Microsoft 365 Subscriptions Set to Increase for Businesses

The company attributed the higher price to “increased value” of Microsoft 365 and Office 365.

Jeffrey Schwartz

August 20, 2021

3 Min Read

The cost of commercial and business Microsoft 365 subscriptions will rise sharply starting on March 1, 2022. Microsoft announced the price increases, which include key Office 365 SKUs, on Thursday.

Some of the subscriptions will increase by as much as 10%. At least one, Microsoft 365 Business Basic, will surge 20%, from $5 per user, per month to $6. Microsoft is not increasing the prices of Office 365 for consumers or education customers

The move is the first “substantive” price increase since the launch of Office 365 a decade ago, according to Microsoft. Among the other SKUs that will cost more:

  • Microsoft Business Premium will rise to $22 from $20

  • Office 365 E3 increases to $23 from $20

  • Office 365 E5 jumps to $38 from $35

  • Microsoft 365 E3 will cost $36, a $4 increase.


Microsoft’s Jared Spataro

Microsoft 365 corporate vice president Jared Spataro, who announced the increases, noted Microsoft has added many new features throughout the years. “This updated pricing reflects the increased value we have delivered to our customers over the past 10 years,” Spataro said.

Spataro underscored the new communications and collaboration capabilities now available with Microsoft Teams, which is included with all versions. “In 2020 alone we released over 300 new capabilities including Together mode, background effects, large gallery view, raise hand, live reactions, breakout rooms, live captions with speaker attribution and Fluid components,” he noted.

Also, Spataro emphasized the new collaborative applications in Teams that provide integrations with Microsoft’s Power Platform, Whiteboard, Lists, Planners, Shifts, Forms and SharePoint. And he noted the third-party integrations with Adobe, Atlassian, Salesforce, SAP, ServiceNow and Workday.

Since the launch of Microsoft 365, Spataro noted the addition of ransomware protection, data loss prevention (DLP) for email and documents, message encryption and compliance capabilities. Spataro also pointed to the AI and automation capabilities added.

Potential Impact

Partners find themselves having to explain the price increases to their customers. “It will certainly be a tough conversation for some of our clients,” said Peter Fidler, president and founding partner of WCA Technologies, a New York-based managed services provider.


Techaisle’s Anurag Agrawal

Industry analyst Anurag Agrawal of Techaisle said price increases were inevitable, but it will raise eyebrows, especially among smaller businesses. “These smaller businesses do not use most of the features and functionalities Microsoft has added over the years,” Agrawal said. “Enterprise segments will still be able to manage volume discounts.”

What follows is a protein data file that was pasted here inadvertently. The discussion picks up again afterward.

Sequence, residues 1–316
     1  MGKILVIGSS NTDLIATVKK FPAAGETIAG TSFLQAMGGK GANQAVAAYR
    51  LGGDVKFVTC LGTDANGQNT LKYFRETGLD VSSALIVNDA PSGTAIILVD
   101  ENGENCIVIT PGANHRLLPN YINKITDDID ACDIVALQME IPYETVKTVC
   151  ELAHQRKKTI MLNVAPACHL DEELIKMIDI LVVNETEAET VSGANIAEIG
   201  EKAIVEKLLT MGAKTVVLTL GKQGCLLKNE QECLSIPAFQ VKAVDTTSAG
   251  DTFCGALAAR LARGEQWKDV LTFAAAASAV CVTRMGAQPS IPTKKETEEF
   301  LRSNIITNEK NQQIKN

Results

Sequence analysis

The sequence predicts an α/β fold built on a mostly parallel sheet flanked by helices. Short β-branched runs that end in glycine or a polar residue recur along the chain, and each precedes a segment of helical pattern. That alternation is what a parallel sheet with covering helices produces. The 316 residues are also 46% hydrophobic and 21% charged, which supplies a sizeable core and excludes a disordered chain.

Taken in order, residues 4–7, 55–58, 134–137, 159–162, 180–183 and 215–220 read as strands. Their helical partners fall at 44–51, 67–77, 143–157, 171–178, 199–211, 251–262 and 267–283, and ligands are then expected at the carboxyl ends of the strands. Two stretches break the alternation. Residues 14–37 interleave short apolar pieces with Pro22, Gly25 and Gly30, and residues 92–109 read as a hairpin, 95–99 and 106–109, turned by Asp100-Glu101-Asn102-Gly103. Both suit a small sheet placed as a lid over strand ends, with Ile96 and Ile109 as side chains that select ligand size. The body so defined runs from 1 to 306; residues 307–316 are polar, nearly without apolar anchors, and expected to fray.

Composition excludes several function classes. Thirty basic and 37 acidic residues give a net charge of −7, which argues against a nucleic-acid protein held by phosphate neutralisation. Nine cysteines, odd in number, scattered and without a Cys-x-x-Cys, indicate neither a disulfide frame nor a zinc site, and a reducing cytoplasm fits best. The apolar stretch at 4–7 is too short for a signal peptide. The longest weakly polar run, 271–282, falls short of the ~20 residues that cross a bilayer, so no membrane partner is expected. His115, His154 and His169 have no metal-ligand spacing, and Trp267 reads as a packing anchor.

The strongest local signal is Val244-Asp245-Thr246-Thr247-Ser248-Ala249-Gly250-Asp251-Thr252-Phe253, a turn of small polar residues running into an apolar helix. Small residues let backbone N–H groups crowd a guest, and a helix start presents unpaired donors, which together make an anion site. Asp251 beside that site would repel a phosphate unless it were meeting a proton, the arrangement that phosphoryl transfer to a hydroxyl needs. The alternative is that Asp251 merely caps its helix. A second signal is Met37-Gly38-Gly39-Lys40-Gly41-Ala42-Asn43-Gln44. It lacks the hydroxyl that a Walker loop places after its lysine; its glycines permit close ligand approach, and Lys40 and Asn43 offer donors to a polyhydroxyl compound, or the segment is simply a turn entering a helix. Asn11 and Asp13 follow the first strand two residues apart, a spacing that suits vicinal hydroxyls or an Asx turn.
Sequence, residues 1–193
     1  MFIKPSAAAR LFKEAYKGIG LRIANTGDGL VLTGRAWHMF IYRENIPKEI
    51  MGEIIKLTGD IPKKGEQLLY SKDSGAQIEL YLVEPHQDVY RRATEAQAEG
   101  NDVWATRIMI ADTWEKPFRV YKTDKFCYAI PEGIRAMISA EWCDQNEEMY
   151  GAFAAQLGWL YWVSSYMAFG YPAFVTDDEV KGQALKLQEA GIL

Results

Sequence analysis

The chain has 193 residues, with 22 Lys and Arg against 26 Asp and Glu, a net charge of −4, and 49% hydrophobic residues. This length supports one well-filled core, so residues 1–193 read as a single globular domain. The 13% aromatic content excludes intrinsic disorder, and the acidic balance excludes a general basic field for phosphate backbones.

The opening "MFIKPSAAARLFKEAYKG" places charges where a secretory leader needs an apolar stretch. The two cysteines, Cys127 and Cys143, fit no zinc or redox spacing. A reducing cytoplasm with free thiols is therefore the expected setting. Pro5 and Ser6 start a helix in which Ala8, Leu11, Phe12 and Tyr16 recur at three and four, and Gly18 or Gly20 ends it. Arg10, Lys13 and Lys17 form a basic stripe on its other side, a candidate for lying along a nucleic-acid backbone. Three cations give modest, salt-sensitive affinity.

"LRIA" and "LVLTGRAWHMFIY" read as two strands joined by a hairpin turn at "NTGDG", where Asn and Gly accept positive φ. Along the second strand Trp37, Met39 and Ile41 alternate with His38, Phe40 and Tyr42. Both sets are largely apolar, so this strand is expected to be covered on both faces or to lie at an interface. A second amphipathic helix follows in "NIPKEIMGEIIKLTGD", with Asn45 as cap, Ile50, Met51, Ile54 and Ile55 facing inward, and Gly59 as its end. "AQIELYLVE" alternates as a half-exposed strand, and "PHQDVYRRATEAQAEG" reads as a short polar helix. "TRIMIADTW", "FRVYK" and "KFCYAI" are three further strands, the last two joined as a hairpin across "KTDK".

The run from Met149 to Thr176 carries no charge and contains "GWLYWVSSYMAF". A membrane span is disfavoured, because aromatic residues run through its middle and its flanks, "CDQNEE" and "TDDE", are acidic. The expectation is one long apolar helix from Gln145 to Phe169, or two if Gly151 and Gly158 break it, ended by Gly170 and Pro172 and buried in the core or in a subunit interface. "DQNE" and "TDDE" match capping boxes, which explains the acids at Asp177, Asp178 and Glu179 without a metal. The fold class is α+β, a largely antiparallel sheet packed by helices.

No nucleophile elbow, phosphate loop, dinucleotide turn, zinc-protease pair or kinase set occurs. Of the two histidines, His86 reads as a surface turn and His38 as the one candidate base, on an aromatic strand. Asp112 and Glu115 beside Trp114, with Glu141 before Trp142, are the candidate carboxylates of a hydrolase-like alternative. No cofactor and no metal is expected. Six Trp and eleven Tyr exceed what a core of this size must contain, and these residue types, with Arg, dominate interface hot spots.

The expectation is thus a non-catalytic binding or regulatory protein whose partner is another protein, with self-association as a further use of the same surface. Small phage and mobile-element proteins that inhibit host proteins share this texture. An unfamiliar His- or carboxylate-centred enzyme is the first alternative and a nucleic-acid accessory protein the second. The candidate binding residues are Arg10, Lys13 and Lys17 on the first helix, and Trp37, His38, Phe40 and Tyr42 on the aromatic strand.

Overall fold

Will the move result in customers evaluating a switch to Google Workspace. For its part, Google increased the price of its suite in January 2019. At the time, it was known as G Suite. “SMBs which have not adopted Office 365/Microsoft 365 will surely weigh their options,” Agrawal said. “Data also shows that Google Workspace is generating interest as well as adoption within the SMB segment.”

Based on a survey fielded by Techaisle from April-May of 2021, 41 percent of SMBs are actively considering Google Workspace.

‘Static Pricing Is Not a Guarantee’

“However, static pricing for Google Workspace is not a guarantee,” Agrawal said. “An important consideration is also that SMBs are mixing and matching their productivity applications adoption. For example, even if SMBs are using Office 365, they use Zoom or Webex for collaboration because they consider them better products over Teams’ convenience.”

Channel partners will have to become familiar with all of the pricing changes, but the upside is it will give them opportunities to help their customers weigh their options. The price increases, along with the pending launch of Windows 11, will create “purchase decision inertia” for customers, Agrawal added. “It also opens up opportunities for partners to become true consultants for the business customers.”


Want to contact the author directly about this story? Have ideas for a follow-up article? Email Jeffrey Schwartz or connect with him on LinkedIn.



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About the Author(s)

Jeffrey Schwartz

Jeffrey Schwartz has covered the IT industry for nearly three decades, most recently as editor-in-chief of Redmond magazine and executive editor of Redmond Channel Partner. Prior to that, he held various editing and writing roles at CommunicationsWeek, InternetWeek and VARBusiness (now CRN) magazines, among other publications.

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